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Oklahoma elementary schools see test score improvement with new action-based learning labs

(KOKH/Caroline Vandergriff)

When you envision an elementary school classroom, you probably think of sitting still, in desks organized in neat rows – not pedaling on exercise bikes or bouncing on trampolines.

However, that’s exactly what students do at more than a dozen Putnam City elementary schools in new, action-based learning labs.

“What we do in here, we exercise, we say our letters,” said Destiny Sibrian, a kindergarten student at Lake Park Elementary School. “That’s what we do.”

The labs look more like a gym than a classroom, but the goal isn’t just to get exercise. Study after study shows that by pairing physical activity with learning, kids often do better in school. Each station also helps students develop important skills like balance, rhythm, and visual tracking.

“And every time they do this, it opens up neurological pathways in their brain for them to store education,” said Kimberly Hefty, the action-based learning lab coordinator at Lake Park.

Combining movement with curriculum has been effective for kindergarten, first and second grade students at the elementary school.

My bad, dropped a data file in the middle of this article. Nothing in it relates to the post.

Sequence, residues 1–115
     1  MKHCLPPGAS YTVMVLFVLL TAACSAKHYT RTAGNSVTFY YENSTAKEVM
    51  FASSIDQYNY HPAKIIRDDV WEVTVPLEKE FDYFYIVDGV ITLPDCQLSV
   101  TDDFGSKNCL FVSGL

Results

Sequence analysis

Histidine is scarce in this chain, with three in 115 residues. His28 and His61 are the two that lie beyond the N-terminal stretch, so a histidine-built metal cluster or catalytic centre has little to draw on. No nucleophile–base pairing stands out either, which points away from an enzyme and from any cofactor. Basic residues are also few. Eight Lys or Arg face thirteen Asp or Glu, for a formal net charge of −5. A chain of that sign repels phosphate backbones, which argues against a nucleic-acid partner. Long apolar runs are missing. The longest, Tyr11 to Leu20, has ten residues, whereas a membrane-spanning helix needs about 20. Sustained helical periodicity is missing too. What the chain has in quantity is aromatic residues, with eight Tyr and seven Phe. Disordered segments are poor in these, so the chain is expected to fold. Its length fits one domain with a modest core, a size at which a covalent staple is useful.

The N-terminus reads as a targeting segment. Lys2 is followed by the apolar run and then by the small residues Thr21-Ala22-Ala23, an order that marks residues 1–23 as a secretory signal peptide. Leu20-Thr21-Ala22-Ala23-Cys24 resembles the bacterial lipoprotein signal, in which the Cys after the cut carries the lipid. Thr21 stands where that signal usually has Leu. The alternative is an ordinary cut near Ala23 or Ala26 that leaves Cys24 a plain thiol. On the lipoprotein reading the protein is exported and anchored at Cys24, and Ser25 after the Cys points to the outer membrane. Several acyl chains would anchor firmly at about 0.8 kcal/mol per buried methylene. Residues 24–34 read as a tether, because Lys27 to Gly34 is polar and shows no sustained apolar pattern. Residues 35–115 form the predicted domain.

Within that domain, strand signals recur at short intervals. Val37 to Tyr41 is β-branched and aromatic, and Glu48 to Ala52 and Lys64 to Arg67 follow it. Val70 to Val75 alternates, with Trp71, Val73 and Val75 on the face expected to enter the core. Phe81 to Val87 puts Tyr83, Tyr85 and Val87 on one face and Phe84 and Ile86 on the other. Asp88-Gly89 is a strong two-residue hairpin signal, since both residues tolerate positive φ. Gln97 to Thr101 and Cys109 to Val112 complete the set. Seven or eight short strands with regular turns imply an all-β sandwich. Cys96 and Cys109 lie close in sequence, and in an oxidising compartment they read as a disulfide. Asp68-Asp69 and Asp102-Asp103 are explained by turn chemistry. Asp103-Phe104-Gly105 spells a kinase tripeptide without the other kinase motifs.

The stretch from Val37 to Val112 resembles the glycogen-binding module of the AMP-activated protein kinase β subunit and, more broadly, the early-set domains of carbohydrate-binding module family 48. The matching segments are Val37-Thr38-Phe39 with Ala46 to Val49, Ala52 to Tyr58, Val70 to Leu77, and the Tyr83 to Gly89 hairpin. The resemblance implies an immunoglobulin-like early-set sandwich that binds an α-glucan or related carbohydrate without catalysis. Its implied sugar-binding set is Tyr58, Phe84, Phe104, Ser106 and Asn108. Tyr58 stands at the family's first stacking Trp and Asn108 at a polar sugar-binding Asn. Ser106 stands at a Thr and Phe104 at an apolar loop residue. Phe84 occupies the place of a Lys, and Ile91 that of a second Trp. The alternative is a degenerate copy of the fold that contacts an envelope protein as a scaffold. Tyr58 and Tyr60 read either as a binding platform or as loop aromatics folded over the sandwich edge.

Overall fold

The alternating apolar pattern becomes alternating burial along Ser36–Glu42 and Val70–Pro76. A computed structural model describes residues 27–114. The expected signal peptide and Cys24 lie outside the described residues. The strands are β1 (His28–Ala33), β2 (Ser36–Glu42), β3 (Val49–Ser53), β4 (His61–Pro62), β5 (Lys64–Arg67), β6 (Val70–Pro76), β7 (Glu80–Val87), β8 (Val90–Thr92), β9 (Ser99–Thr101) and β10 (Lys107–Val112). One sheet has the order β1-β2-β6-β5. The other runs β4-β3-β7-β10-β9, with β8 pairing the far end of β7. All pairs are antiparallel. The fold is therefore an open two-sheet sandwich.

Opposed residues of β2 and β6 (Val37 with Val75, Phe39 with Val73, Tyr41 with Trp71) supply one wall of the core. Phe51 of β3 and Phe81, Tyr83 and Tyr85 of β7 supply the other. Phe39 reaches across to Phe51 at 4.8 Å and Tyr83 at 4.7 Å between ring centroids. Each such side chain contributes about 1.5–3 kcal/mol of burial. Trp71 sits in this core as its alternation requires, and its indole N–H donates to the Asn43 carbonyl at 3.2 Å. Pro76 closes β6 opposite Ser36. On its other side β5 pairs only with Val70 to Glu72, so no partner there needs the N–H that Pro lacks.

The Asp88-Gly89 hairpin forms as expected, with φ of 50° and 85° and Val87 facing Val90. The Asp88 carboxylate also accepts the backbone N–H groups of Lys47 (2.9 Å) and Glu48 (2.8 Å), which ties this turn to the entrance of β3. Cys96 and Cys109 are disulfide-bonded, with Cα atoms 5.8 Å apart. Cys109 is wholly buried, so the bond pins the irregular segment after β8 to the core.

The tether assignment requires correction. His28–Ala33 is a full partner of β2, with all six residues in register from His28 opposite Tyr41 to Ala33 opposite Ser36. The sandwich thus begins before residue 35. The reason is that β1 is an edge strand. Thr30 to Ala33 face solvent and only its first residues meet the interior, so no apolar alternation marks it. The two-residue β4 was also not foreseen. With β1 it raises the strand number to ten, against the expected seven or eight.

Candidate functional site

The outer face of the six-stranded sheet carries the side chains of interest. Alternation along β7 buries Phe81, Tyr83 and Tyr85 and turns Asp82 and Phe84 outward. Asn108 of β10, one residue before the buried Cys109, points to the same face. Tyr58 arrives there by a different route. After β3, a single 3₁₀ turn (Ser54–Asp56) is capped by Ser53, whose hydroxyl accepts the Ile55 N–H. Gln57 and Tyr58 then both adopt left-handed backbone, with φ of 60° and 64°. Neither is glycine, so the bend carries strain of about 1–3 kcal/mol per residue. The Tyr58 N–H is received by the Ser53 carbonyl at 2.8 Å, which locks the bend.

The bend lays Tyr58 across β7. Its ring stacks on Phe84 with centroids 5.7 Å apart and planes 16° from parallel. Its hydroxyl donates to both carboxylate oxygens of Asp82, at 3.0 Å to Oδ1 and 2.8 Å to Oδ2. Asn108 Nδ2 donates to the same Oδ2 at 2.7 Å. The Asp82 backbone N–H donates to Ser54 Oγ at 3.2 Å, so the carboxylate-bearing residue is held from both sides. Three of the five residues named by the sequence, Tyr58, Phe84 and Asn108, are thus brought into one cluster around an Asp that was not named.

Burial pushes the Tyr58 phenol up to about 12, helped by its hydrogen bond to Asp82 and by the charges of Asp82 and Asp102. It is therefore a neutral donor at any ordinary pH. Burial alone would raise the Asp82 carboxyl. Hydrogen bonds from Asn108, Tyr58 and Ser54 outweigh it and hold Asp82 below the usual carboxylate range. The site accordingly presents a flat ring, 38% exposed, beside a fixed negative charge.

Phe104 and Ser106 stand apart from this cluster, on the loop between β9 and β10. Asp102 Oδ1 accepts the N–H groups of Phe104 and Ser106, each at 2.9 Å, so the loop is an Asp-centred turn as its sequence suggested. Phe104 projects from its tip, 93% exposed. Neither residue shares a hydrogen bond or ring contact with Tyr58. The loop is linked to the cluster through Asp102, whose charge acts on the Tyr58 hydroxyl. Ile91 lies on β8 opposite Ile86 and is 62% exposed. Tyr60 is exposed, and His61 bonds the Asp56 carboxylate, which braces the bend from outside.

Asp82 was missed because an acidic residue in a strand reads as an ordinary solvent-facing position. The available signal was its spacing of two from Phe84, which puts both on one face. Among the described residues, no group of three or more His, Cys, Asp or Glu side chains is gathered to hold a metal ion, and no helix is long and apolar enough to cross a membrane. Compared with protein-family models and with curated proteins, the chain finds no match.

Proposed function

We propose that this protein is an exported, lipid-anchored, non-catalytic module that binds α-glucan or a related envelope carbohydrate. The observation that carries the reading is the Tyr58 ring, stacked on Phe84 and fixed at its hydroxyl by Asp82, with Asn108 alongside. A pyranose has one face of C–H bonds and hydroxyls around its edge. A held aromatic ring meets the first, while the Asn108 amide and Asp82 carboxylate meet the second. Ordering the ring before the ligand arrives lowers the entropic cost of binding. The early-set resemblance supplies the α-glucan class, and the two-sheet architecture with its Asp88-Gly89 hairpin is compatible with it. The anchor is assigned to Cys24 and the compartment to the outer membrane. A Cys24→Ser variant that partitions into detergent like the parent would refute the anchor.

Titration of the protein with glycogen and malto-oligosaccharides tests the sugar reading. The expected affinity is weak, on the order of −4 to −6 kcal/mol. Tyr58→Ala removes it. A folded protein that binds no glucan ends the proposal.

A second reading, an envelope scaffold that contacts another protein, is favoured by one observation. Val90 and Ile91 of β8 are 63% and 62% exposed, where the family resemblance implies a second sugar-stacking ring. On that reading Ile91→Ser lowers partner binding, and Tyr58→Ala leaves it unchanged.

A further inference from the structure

“My children have definitely learned their alphabet sounds, which is major in kindergarten,” said kindergarten teacher Shawnda Gilliam. “Their numbers have definitely improved on their testing.”

Down the hall, there’s a second lab for older students, where the exercise equipment is bigger and the lessons are harder.

“I like that it’s different than something you usually do in a classroom, and it has all this equipment we use to help memorize things by moving,” said Josiah Alleman, a fourth grade student.

An evaluation of Putnam City’s ABL labs shows students in third, fourth and fifth grades who use the equipment demonstrated greater improvement in math during the 2017-2017 school year, than students at schools with no ABL equipment. Academic studies also show children do learn better in a more stimulating environment.

“It’s hard to pay attention when your body’s still, and when you’re not actively involved with whatever you’re learning, said Dr. Laura Wilhelm, an associate professor of education at Oklahoma City University. “Children need to move.”

Putnam City Schools has more action-based learning labs than any district in Oklahoma.

“Getting up, getting active, stimulating the brain is the best way to get our kids to learn,” Hefty said. “So I think we’ve been going about it backwards for a very long time, and I think this is the future.”

But the classroom of the future is expensive, and unlikely to be a top priority in a state with some of the worst education cuts in the nation. An action-based learning lab typically costs $20,000 to $30,000. Putnam City Schools secured a federal grant to cover the expense.

Teachers and students at Lake Park say they wish every school had the opportunity to use an action-based learning lab, to work out their bodies and their minds.

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